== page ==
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Nike's new FuelBand SE is a gorgeously designed missed opportunity
New colors? Sure.
 
The FuelBand SE may look pretty, but Android users are out of luck.
The FuelBand SE may look pretty, but Android users are out of luck. (Mike Lawrie/Getty Images)

Oh, Nike! Your first FuelBand was a sleek little gadget that did the unthinkable: It made fitness seem cool and futuristic in the eyes of pizza-loving, couch-worshipping American kids. Although its metrics were odd (FuelPoints, really?) and its data was only transmittable to iPhones, the FuelBand's design and execution were impeccable. There's a reason folks sought the thing out as if it were a pair of Jordans.

In fact, I'd argue that the FuelBand was the rare "game changer" that was an actual game changer, making its market category remarkably better. Before the FuelBand, fitness trackers were functional, but bulky and ugly. Now, look at the Jawbone Up, or the last two bands by FitBit. Sleek, minimal, and unobtrusive are basically design prerequisites.

That's partly why I was really excited about the prospect of a FuelBand 2.0 — at least until the curtains were lifted.

Today, Nike announced the next iteration of the FuelBand, the Fuelband SE. It looks a lot like its predecessor, except now you can get it with a "tastefully done" splash of color, as Dann Berg at The Verge puts it, with neon green, pink, or red highlights. It looks and feels pretty much the same, too:

Other than the color additions, the new FuelBand SE feels exactly the same. There's still the pleasant slightly rubbery texture and clasp that unlocks to reveal the USB connector. It feels exactly the same weight, too, which is light enough that it doesn't get in the way. [The Verge]

So what are the changes? The biggest is the addition of BlueTooth 4.0, which beams real-time workout data to your smartphone. Also its internal gyroscopes and accelerometers can detect new low-impact workouts and activities, as Christina Chaey at Fast Company notes, like cycling, yoga, and even sleeping.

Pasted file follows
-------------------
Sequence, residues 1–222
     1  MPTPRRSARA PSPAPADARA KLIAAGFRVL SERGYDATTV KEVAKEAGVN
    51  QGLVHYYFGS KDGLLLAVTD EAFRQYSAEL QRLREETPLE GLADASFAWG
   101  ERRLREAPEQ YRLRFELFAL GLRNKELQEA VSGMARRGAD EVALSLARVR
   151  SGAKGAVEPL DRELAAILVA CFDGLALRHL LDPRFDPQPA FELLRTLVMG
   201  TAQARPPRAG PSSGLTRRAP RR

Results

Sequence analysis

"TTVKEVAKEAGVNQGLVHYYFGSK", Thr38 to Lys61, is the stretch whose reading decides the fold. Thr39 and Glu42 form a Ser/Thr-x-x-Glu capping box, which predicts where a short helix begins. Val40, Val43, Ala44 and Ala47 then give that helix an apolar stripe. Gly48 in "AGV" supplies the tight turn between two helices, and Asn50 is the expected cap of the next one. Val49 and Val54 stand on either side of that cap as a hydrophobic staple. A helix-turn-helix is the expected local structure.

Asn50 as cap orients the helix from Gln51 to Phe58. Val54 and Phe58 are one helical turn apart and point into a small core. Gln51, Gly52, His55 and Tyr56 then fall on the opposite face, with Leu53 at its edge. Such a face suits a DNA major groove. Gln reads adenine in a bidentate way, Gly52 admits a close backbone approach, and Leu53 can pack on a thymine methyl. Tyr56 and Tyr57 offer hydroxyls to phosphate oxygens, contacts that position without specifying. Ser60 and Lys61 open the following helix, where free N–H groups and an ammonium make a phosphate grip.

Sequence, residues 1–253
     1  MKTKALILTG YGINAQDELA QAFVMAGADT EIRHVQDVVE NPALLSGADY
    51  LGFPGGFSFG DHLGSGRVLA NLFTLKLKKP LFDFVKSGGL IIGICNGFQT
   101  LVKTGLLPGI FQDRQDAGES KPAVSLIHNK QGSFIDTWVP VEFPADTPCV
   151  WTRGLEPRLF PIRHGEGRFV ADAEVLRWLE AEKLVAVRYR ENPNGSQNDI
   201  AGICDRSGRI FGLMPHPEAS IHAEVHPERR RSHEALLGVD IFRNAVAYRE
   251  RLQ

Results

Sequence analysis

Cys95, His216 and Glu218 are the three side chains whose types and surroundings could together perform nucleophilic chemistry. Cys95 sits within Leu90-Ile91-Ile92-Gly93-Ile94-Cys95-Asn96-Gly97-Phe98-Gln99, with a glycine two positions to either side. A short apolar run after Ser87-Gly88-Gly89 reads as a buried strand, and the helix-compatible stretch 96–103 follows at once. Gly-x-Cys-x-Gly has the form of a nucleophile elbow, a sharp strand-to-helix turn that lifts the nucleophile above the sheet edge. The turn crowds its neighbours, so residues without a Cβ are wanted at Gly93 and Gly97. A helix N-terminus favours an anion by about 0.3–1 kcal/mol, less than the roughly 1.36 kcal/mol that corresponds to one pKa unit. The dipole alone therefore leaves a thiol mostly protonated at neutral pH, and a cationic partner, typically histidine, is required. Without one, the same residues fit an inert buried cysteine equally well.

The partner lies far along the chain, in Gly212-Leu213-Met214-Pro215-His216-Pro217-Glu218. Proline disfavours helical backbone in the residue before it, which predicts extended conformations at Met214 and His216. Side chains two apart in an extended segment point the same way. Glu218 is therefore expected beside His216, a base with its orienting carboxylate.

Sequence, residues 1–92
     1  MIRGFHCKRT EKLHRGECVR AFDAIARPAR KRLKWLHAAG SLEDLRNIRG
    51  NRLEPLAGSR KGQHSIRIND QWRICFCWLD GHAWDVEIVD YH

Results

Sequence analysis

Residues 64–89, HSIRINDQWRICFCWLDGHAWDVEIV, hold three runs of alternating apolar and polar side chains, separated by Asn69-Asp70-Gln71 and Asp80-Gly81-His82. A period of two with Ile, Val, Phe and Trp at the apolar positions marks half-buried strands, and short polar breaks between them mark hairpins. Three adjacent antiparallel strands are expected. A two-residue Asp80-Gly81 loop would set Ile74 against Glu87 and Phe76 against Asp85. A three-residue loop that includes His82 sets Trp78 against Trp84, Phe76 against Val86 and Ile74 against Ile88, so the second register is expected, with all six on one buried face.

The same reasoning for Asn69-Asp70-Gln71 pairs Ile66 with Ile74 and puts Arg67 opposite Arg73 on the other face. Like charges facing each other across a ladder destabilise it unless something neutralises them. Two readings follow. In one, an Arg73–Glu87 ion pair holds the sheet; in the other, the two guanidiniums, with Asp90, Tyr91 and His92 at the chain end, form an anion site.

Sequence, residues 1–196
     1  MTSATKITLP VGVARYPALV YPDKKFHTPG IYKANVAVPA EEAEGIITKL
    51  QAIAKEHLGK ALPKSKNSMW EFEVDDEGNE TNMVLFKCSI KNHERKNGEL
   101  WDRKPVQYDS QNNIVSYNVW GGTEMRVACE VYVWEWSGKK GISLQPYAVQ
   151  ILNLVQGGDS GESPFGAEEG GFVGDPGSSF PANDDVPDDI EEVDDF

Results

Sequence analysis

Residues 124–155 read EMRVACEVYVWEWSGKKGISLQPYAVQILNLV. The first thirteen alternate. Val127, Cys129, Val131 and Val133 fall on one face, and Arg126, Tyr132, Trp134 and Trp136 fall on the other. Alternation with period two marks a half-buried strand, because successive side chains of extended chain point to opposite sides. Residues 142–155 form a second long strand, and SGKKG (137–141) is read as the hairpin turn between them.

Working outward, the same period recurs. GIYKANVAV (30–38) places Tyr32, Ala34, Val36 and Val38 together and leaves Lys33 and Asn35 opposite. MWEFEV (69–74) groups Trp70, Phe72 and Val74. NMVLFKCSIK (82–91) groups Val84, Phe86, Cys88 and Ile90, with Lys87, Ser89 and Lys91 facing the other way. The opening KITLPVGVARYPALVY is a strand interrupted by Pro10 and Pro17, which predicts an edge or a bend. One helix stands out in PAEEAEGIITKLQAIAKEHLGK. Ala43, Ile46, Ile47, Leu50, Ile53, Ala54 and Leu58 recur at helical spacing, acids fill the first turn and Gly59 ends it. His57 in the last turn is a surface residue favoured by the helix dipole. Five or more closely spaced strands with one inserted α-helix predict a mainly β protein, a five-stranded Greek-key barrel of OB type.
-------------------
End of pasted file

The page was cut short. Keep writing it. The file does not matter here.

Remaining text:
Unfortunately, the FuelBand is only compatible with iOS devices, meaning Android users have to plug it into a computer in order to glean their workout data. This is an enormous missed opportunity on Nike's part.

"With the audience using iOS and the audience using the Web, we wanted to make sure that we had the best experience possible," said Nike experience director Ricky Engelberg at a press event earlier today in New York. "We always want to evaluate new platforms, but we want to make sure we take care of the platforms that we're on."

In February 2012 it was possible to argue that gambling on exclusivity with an affluent device like the iPhone was strategically sound. But nearly two years later, Samsung, Motorola, and HTC all make top-shelf Android phones that best the iPhone in various ways. That make's Nike's focus on Apple downright puzzling.

Recently, Apple made news when it poached Nike design director Ben Shaffer, who spearheaded the Flyknit shoe and, more interestingly, the FuelBand. This suggested to a lot of people that Apple was looking to tap into the design sensibilities of the original FuelBand — which Tim Cook, who serves on Nike's board, and other executives at Apple are huge fans of — for the long-rumored iWatch. There's more going on behind the scenes between the two companies than meets the eye.

But still, Nike's decision to exclude Android, which comprises 80 percent of the mobile market, just doesn't pass the gut punch test, incremental improvements and racing stripe colors aside. It feels like a tremendous oversight. That's inexcusable when you consider that its fiercest rival, the newly announced FitBit Force, looks just as great, uses widely accepted metrics like steps taken and calories burned, and plays nicely with Android.

Nike has always fared well using strategic exclusivity to push its products. Only this time it could be pushing toward the wrong side of history, making the FuelBand SE nothing less than a huge disappointment.

 
Chris Gayomali is the science and technology editor for TheWeek.com. Sometimes he writes about other stuff. His work has also appeared in TIME, Men's JournalEsquire, and The Atlantic.

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